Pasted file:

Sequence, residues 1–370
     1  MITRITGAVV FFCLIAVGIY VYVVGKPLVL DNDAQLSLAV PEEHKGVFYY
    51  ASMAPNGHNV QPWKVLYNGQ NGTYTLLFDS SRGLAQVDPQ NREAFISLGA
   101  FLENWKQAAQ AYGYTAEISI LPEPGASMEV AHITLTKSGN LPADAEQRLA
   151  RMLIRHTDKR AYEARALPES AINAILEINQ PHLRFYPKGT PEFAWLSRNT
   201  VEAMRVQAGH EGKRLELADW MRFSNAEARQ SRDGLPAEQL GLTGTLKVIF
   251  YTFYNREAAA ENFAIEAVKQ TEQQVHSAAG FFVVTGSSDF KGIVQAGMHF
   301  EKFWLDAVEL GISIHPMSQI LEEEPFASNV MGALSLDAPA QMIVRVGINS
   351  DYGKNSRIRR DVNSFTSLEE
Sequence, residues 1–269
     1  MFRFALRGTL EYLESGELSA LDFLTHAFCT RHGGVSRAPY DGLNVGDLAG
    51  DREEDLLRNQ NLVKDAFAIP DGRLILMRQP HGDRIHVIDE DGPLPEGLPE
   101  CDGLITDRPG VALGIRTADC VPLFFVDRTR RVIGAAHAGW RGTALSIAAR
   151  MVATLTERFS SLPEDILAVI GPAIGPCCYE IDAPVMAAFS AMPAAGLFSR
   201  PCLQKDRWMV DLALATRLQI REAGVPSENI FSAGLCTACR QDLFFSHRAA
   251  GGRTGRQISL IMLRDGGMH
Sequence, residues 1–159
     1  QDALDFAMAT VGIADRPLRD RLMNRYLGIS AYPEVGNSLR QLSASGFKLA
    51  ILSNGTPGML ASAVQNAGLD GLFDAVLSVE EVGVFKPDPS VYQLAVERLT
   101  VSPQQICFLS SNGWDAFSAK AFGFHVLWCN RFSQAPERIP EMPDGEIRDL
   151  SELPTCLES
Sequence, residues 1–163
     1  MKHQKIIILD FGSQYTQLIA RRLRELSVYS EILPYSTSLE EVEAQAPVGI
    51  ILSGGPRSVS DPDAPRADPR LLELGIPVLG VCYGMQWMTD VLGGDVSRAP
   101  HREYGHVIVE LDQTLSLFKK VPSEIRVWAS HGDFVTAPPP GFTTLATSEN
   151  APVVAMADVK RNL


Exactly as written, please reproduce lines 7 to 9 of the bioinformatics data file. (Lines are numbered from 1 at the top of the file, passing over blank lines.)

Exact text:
   251  YTFYNREAAA ENFAIEAVKQ TEQQVHSAAG FFVVTGSSDF KGIVQAGMHF
   301  EKFWLDAVEL GISIHPMSQI LEEEPFASNV MGALSLDAPA QMIVRVGINS
   351  DYGKNSRIRR DVNSFTSLEE